The (Welcome) Demise of “Interruption Marketing”

In this day and age, I believe paid advertising is tantamount to spamming.

Here is how the Urban Dictionary defines spam:

spam spam spam spam spam spam spam spam spam spam spam spam spam spam spam spam spam spam spam spam spam spam spam spam spam spam spam spam spam spam spam spam spam spam spam spam spam spam spam spam spam spam spam spam spam spam spam spam spam spam spam spam spam spam spam spam spam spam spam spam spam spam spam spam spam spam spam spam spam spam spam spam spam spam spam spam spam spam spam spam spam spam spam spam spam spam spam spam spam spam spam spam spam spam spam spam spam spam spam spam spam spam spam spam spam spam spam spam spam spam spam spam spam spam spam spam spam spam spam spam spam spam spam spam spam spam spam spam spam spam spam spam spam spam spam spam spam spam spam spam spam spam spam spam spam spam spam spam spam spam spam spam spam spam spam spam spam spam spam spam spam spam spam spam spam spam spam spam spam spam spam spam spam spam spam spam spam spam spam. That is what spam is. Would be better without it.

Each day, we are inundated with a veritable blitzkrieg of marketing messages that assault our senses—and insult our sensibilities.

When you are watching a television program, reading a magazine or engaging in social media, you probably don’t appreciate the interruption marketing. You didn’t ask for it; it normally does not apply to you; and it wastes your time. I imagine that most people feel the same way, which is why we are all figuring out how to eliminate “interruption marketing” from our lives—from TiVo to anti-spam software to Twitter’s “unfollow” button.

With the breathtaking array of largely cost-free tools now available to engage in meaningful dialogue with customers—in aggregate, “social media”—it is halfhearted when a company cavalierly throws money at paid ads, which merely interrupt people with messages they increasingly don’t want and don’t appreciate.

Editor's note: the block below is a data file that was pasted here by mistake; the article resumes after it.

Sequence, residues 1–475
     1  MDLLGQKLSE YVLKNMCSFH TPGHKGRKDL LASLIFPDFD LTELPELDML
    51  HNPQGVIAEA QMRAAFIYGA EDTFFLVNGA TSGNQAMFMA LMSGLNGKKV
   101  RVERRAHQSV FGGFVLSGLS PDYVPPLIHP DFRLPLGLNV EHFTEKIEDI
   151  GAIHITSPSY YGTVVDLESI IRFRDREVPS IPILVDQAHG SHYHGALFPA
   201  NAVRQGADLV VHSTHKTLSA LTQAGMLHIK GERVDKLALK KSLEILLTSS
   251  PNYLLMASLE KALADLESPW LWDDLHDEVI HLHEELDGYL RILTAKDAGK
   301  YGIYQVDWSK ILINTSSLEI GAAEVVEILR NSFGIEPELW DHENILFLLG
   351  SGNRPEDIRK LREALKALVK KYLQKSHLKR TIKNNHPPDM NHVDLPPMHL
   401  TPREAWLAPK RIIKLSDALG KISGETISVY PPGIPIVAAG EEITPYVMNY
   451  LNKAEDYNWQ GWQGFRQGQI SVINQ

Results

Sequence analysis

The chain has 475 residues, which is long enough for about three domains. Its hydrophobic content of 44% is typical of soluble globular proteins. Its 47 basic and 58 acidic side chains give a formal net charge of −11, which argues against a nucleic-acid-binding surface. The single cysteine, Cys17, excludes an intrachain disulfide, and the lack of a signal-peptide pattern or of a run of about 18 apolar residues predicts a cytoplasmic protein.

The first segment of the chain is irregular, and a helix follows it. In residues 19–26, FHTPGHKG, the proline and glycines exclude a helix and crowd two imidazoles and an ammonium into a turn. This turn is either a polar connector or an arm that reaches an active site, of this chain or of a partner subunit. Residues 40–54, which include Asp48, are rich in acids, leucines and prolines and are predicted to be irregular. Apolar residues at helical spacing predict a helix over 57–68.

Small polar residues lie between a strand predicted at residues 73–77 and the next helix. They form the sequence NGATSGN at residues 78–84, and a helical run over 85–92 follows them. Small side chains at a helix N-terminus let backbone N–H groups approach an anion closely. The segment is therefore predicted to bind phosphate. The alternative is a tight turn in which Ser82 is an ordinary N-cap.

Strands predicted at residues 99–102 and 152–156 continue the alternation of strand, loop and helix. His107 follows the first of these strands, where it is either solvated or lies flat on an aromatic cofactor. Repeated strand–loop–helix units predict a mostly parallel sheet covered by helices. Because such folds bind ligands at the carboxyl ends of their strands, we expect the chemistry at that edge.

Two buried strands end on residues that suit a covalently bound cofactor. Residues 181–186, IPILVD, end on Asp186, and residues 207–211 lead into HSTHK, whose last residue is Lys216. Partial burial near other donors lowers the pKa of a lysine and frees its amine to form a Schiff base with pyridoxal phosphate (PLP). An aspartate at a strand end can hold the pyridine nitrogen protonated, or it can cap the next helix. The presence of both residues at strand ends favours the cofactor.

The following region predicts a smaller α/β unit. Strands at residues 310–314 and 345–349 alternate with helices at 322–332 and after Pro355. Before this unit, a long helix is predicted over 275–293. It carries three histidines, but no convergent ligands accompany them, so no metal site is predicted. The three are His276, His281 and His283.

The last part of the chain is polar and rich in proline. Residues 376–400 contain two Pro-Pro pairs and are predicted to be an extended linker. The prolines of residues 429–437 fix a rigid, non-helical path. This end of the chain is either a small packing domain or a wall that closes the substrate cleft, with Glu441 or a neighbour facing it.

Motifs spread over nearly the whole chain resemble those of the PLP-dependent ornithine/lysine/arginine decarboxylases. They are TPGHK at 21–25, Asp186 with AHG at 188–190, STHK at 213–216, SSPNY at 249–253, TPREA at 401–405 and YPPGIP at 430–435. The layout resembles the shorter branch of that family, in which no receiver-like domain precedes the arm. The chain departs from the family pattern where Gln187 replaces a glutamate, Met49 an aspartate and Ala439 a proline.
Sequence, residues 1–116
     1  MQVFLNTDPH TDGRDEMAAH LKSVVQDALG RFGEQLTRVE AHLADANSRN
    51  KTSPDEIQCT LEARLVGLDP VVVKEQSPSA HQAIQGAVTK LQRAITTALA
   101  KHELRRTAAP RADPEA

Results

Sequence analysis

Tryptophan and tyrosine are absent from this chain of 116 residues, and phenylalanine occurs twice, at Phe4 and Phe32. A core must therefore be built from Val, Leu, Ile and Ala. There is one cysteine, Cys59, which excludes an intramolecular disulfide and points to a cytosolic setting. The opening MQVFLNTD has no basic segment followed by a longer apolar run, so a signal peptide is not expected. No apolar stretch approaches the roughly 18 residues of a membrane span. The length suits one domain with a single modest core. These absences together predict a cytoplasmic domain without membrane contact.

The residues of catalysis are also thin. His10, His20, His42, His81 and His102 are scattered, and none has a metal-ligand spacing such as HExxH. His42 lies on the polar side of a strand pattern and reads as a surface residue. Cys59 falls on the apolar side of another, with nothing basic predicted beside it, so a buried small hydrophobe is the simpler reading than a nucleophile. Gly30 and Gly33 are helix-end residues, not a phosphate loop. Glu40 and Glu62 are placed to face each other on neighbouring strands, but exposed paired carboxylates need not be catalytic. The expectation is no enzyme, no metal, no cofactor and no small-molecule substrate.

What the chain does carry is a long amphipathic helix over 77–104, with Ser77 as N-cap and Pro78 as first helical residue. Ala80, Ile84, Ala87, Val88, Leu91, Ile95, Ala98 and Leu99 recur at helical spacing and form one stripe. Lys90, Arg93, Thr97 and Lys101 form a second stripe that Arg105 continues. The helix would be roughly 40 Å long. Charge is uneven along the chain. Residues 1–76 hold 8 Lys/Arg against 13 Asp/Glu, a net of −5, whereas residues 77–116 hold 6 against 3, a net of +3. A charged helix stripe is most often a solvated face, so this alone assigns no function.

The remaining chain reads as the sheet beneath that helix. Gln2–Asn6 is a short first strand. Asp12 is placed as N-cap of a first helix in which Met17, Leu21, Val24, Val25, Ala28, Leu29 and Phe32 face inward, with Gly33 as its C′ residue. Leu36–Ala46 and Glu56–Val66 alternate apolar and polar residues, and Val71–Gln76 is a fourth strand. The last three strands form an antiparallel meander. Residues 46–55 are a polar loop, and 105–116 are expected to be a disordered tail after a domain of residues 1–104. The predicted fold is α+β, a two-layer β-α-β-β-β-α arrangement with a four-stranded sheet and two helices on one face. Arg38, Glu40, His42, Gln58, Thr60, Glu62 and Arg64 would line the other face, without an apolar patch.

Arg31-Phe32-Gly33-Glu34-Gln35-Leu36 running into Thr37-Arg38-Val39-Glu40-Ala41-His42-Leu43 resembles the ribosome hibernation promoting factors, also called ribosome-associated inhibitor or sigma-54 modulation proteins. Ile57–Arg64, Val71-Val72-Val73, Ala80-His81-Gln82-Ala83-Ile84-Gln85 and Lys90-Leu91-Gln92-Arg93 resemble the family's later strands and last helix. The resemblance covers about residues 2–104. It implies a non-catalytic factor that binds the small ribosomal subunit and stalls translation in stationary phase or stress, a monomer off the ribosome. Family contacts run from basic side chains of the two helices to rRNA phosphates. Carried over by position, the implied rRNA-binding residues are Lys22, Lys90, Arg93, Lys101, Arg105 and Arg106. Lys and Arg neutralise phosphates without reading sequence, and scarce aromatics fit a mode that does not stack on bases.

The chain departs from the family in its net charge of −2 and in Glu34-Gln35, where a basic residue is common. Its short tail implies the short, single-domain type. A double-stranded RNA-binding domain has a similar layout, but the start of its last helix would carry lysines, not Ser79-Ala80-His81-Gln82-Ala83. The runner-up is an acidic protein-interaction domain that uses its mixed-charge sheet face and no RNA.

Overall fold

A brand’s level of authentic engagement in social media is an accurate litmus test for how much they care about their customers. It’s that simple. Paying an advertising agency to design a slick, emotionally-evocative ad to draw in as many people as possible, often by over-promising and over-hyping a product or service worked in 1950. Not now. It does not convey care.

People in social media have particularly sensitive antennae. They know the difference between a brand’s cavalier involvement and genuine engagement. And, they’re rewarding the brands that listen to them and care about them—with their business and their increasingly far-reaching advocacy.

Prior to engaging in social media, the questions you need to ask yourself, and everyone in your company, is:

“Do we have a product or service that tangibly improves people’s lives? Are we prepared to listen intently—and, genuinely care?”

Until you get resounding, unanimous “yeses” to those questions, it’s best to hold off on social media … and wait until you do.

Eric Harr is the Founder & President of Resonate Social Media, a leading, integrated social media agency in San Francisco. He is an award-winning TV host on CBS News and the best-selling author of the new book “The REAL TRUTH About Social Media: 8 Timeless Truths Uncovered & 8 Monumental Myths Revealed” available now in ebook or print edition.

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